Randomization removes bias and truly allows for a direct comparison between two groups in a trial, providing a real representation of how the drug will react with the wider population after distribution.

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An RCT will have a control group to which the researchers will randomly assign people.

The purpose of a control group in a randomized controlled trial is to help reduce the likelihood that any benefits or risks that the researchers identify during the trial occur due to factors outside of the experimental treatment.

The absence of a control group would mean that the researchers could not attribute any improvement or decline in health to the drug or treatment.

Others factors about the clinical trial could explain the results. Without comparing what happens in similar participants facing similar conditions without getting the new drug, accurate measurement of any observed health changes would not be possible.

A control group is a key part of large trials. Enough people must be taking part to ensure that chance differences and unusual circumstances do not have a decisive effect on the results.

Researchers normally match people in a control group for age, sex, and ethnicity, along with any other factors that may influence the effect of a drug or treatment, such as body weight, smoking status, or comorbidities.

The control group may receive a placebo. This is a dummy treatment that closely resembles the experimental treatment but does not contain the active ingredient that causes the treatment's supposed benefits. Alternatively, they may receive standard treatment without the additional elements under investigation.

In some cases, typically those investigating the benefits of an intervention to healthy individuals, such as a supplement, the control group may receive no treatment and simply consist of individuals similar to those receiving a supplement or therapy.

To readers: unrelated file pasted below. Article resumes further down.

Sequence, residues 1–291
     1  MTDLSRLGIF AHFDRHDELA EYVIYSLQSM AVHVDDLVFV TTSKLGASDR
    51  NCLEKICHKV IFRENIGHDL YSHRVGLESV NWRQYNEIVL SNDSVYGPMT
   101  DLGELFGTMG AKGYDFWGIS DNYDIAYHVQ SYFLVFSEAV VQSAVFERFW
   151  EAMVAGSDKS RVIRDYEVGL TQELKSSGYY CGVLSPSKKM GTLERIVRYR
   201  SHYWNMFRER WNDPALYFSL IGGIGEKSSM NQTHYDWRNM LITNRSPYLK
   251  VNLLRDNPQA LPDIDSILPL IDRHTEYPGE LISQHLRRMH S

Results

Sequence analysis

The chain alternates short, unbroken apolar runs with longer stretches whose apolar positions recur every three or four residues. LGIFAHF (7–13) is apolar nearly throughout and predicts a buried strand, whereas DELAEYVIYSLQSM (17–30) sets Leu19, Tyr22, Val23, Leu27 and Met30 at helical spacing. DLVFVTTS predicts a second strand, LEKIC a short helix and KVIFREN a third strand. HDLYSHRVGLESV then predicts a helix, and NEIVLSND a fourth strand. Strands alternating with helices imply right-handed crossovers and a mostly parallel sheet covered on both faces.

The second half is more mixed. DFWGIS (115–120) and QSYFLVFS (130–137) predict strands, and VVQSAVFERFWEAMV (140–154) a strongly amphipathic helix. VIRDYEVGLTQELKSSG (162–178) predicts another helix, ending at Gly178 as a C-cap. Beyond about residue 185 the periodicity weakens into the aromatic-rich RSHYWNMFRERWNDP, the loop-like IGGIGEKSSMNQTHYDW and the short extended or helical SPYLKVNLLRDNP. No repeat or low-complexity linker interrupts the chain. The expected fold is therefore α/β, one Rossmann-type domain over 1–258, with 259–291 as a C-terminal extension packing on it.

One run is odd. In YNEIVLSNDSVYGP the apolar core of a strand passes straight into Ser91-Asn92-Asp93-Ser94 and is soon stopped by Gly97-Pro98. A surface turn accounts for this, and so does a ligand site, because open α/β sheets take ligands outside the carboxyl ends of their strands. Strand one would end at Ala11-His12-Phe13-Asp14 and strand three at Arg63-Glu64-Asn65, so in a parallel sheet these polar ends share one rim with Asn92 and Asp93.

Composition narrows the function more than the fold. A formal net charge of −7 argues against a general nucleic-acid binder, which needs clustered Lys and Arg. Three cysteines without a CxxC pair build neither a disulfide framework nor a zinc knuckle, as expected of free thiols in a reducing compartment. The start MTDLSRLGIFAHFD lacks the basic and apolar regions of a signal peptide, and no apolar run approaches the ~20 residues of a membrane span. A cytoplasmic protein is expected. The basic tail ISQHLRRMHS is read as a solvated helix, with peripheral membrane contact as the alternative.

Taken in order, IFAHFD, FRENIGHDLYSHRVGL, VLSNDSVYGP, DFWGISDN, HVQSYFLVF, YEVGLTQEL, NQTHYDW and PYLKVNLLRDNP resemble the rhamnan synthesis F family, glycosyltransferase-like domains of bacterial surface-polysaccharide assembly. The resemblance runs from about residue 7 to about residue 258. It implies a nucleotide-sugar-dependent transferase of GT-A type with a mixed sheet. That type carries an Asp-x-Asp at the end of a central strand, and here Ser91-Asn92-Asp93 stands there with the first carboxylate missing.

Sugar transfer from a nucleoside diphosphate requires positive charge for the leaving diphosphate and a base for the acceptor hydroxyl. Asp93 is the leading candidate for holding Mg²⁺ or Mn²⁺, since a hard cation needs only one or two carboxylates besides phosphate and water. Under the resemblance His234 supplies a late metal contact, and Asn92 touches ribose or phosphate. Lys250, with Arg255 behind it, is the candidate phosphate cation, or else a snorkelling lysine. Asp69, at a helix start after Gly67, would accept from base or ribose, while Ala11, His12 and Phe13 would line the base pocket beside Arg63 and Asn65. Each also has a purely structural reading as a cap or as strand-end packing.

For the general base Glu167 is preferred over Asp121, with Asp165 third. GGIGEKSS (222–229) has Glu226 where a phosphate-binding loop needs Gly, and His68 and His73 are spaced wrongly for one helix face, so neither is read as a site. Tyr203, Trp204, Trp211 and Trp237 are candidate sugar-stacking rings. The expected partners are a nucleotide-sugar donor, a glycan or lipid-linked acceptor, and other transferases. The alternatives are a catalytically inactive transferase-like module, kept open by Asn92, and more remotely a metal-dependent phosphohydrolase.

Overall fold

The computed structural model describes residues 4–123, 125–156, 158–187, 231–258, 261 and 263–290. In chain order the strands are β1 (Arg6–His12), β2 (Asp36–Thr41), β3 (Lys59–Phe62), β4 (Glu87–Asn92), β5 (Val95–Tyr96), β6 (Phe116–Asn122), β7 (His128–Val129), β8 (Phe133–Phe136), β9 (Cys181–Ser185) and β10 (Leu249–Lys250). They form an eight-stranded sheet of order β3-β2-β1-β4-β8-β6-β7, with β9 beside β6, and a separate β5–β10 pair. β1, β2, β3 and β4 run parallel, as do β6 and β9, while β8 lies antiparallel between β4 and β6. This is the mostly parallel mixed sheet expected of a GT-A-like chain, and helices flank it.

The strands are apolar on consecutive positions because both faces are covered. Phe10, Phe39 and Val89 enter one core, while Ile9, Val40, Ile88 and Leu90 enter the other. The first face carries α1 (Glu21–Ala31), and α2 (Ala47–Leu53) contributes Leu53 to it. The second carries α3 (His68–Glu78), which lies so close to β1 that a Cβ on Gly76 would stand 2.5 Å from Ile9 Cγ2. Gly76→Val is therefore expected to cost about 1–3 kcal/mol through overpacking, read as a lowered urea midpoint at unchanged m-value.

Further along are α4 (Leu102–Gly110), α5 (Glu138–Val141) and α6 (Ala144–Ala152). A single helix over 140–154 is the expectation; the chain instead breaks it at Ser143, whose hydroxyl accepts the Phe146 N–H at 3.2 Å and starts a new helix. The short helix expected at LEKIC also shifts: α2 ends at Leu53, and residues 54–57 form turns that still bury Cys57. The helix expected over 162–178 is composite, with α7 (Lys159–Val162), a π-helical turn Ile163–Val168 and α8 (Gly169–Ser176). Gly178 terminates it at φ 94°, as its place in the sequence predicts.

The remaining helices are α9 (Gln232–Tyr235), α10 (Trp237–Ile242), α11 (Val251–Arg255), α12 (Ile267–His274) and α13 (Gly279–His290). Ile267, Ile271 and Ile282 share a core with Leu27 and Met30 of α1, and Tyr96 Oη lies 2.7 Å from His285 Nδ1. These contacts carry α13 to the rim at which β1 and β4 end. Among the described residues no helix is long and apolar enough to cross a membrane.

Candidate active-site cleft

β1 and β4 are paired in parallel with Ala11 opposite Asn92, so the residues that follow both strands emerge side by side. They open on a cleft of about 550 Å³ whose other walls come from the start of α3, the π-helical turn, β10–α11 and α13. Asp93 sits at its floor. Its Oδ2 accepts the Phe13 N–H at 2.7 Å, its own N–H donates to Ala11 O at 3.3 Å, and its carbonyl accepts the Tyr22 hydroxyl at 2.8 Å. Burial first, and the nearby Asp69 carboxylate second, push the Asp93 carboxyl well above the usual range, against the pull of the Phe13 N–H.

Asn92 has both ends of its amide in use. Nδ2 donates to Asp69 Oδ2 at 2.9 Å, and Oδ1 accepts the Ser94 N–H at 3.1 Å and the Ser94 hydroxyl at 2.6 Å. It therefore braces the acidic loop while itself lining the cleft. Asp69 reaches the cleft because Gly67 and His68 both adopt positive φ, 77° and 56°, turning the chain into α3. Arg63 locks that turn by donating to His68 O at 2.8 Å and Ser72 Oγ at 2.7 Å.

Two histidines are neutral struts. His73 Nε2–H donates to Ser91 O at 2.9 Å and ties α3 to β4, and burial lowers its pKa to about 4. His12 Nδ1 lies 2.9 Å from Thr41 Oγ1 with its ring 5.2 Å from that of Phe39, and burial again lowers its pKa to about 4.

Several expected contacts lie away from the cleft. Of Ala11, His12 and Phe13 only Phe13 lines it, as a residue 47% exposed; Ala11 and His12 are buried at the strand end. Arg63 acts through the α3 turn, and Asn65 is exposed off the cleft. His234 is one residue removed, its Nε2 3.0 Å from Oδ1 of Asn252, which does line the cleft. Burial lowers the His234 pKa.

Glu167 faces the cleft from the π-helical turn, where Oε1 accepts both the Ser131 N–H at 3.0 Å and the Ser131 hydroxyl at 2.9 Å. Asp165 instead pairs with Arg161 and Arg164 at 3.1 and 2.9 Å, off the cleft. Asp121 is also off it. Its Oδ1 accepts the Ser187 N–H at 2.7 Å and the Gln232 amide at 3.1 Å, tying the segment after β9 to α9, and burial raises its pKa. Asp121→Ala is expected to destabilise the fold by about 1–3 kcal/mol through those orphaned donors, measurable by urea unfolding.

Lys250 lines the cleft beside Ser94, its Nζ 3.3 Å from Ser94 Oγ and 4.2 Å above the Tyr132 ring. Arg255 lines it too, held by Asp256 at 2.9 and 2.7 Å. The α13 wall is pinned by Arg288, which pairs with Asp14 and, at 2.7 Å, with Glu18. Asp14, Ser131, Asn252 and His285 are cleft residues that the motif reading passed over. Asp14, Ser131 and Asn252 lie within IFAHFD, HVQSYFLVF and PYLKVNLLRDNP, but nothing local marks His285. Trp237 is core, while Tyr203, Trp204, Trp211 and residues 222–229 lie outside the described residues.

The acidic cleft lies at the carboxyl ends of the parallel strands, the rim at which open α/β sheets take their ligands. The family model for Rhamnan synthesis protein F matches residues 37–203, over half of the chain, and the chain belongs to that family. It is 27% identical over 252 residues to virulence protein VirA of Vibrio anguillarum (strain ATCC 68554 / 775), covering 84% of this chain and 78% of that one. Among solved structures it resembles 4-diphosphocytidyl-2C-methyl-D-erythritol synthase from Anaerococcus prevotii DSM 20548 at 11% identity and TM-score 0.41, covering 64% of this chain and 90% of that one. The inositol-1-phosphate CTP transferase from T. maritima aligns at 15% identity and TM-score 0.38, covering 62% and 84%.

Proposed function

The quality of the control group is important in terms of the similarity of its participants to those of the active group. Randomization helps to ensure that no bias affects the selection of people for the control group.

High-quality clinical trials will publish baseline measurements for both the treatment and control arms of the trial, allowing for direct comparison.

Comparison with standard treatment

Researchers design some trials investigating new drugs or treatments for a disease so that the control group receives an established or standard treatment for that condition, rather than a placebo or dummy treatment.

This type of control seeks to identify any comparative benefit from the new drug over the treatment options that are currently available. Even if the new drug does appear to have a beneficial impact, the established treatment may still be safer and more effective.

Comparative trials are important beyond the development of new drugs and treatment. They can help guide decisions about the allocation of healthcare resources.

Healthcare policymakers around the world often have a particular interest in how a new drug fares against existing treatment options, taking into account cost-effectiveness, the possible effects on quality of life, and other factors that paint a picture of overall benefit and the cost of the drug to society and individuals.

Policymakers also have to account for the lack of diversity in clinical trials when making decisions about healthcare guidelines and funding.